We’re just back from our Easter-holiday vacation and have gotten a bit of rest and recreation, something we hope you have been able to do as well. Meanwhile, there is new stuff shared with the community that we wanted to tell you about.
And by the way, if you haven't already, you are more than welcome to join us over at slack.sanity.io!
James, developer advocate over at Auth0, has spent two live sessions moving his Gatsby blog over to Sanity. These videos are super instructive if you want to get a sense of how Gatsby + Sanity works, and plan to do the same move.
Follow James for more live-stream content. And we might appear there in the near future as well!
I'll be experimenting with @gatsbyjs and @sanity_io tomorrow at 2pm on the "Quick Hacks" episode of my live stream! If you have any experience with sanity, it would be great to have some backup and extra knowledge in the stream.
One of the most important things you do when developing a product is to listen to what people who try it have to say. So write-ups like the one by Morgan Grage on the Kodex blog is interesting for us. What have we have managed to explain well? Where is our documentation lacking? What do they like? If you do a write-up, let us know on Twitter or in the #i-made-this channel on Slack.
“Sanity is the fastest, most flexible platform for delivering content to digital devices and products.” I would say, that it's pretty accurate. The amount of stuff you can do with Sanity seems limitless, but it takes the right amount of skills to handle it.
We guess not everyone finds themselves in need of base64 de/encoding. But it sure nice to know that it's possible to make a custom tool within the Sanity Studio if you do. Lucho did!
I've been wanting to add more functionality to my website's (https://lucho.dev/) Studio, so I decided to add a new dashboard with a Base64 encoder/decoder. It's super simple but it gets the job done of what I need :)
Lucho also added a contact form with a widget to display the entries. You can explore this repository if you want to test out how to submit forms to Sanity with Netlify functions if you want to try the same.
I finally got around adding a contact form to my website. But instead of sending emails, it adds a new entry in my form schema of my @sanity_io CMS. And I added a dashboard widget to display those entries. https://t.co/lhZzAeWjiP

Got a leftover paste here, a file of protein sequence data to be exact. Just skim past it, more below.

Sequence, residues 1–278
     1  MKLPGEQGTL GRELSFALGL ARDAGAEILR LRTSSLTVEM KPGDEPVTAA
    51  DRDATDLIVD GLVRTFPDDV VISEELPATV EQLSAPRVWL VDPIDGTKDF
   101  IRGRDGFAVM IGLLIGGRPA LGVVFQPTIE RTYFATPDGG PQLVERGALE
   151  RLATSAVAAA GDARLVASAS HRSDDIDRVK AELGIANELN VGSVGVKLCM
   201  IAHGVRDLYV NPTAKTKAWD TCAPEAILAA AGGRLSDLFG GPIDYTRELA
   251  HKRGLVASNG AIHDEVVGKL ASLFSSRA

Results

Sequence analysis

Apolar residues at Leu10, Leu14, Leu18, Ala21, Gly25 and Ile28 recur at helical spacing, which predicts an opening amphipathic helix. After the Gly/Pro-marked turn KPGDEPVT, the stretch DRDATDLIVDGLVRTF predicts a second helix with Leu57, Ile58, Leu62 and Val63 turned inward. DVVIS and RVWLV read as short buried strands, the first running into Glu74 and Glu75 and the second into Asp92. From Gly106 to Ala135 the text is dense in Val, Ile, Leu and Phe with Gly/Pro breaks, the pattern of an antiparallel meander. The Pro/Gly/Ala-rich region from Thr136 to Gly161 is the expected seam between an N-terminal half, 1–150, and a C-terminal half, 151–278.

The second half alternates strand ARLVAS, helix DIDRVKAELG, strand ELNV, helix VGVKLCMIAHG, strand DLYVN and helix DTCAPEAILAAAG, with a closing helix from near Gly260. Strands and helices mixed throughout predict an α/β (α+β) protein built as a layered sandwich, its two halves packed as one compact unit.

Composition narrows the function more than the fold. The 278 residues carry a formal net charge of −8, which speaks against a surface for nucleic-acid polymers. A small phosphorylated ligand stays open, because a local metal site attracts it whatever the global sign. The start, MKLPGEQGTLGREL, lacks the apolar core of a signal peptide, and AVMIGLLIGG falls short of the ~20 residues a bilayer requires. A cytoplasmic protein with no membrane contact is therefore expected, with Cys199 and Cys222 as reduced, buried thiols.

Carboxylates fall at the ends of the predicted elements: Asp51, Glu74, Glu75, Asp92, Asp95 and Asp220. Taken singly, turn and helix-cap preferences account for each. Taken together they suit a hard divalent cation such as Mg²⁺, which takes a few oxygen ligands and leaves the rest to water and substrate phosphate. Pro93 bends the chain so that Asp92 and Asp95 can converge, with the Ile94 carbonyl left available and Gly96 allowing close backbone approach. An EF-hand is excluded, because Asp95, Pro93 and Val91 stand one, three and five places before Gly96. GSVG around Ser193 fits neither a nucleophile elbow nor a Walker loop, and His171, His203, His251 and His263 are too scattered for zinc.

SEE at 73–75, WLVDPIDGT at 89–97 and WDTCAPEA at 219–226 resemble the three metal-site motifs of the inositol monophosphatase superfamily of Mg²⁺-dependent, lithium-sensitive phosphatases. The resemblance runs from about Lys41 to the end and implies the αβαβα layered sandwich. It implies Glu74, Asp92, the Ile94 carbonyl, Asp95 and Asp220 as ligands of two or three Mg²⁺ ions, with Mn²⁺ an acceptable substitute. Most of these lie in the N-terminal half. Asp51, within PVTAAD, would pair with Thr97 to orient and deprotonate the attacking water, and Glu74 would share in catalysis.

I’ve helped our team ditch WordPress and now it’s built on Sanity + Nuxt.js (universal mode on zeit) + Tailwind, super thrilled with the results!
We love creative projects like the website People @ Home built to raise money for WHO. Donators get their dedicated hand-draw animation published on the site. Philipp Polder, one of its creators, explains:
Basically we're raising money for the WHO by offering hand-drawn animations as donation incentives. It's a static site built on Next.js and uses serverless functions to create an entry in the sanity backend for every donation. The illustrator can then add an animation to that entry, optionally refine some data and publish/deploy it. We also use a super simple dashboard widget to keep track of how much money we've raised, the transaction fees etc. Has been a lot of fun! I plan on adding more content statistics to the dashboard and maybe a custom workflow, so that we can notify the donors right from the backend once their animation has been published. (via Sendgrid/Mailgun/etc.)
Every week we see new freelancer and agency sites being built with structured content from Sanity. Daniel Kapper did precisely that and launched their website this week over at jaminary.com. If you need an SEO-friendly marketing e-commerce solution, Jaminary might be able to help you.
London-based senior creative developer André Venâncio decided to ditch Wordpress and built himself a new one using Sanity as the content backend. Browse his work over at www.andrevenancio.com!
Espen Th. Saeverud over at StaccX made this wine lottery app using Sanity as a backend. Pretty cool example of how you can use Sanity for apps as well. While the wine lottery source code hasn't been made public (yet?), you can check out our quiz-game Squizzy for inspiration if you want to try something similar out yourself. Espen elaborates on the architecture for the wine lottery app:
CRA + Sanity + serverless for mutations. Auth0 for auth. Games are created using the studio, the rest is controlled by the “owner” on the client. Games have a status field. When this sets to open the tickets are generated. When the status changes to started the unclaimed ones are deleted. Gameresults are its own entity. A LOT of references in this setup, but it works pretty well.